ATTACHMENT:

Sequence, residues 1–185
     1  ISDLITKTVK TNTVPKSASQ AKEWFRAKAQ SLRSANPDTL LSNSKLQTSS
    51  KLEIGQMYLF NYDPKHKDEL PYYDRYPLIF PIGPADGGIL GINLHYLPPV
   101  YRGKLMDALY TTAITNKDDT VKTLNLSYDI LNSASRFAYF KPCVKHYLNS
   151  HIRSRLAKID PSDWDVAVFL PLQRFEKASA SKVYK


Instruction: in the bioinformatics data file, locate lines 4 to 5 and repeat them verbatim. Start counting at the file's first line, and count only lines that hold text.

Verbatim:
   101  YRGKLMDALY TTAITNKDDT VKTLNLSYDI LNSASRFAYF KPCVKHYLNS
   151  HIRSRLAKID PSDWDVAVFL PLQRFEKASA SKVYK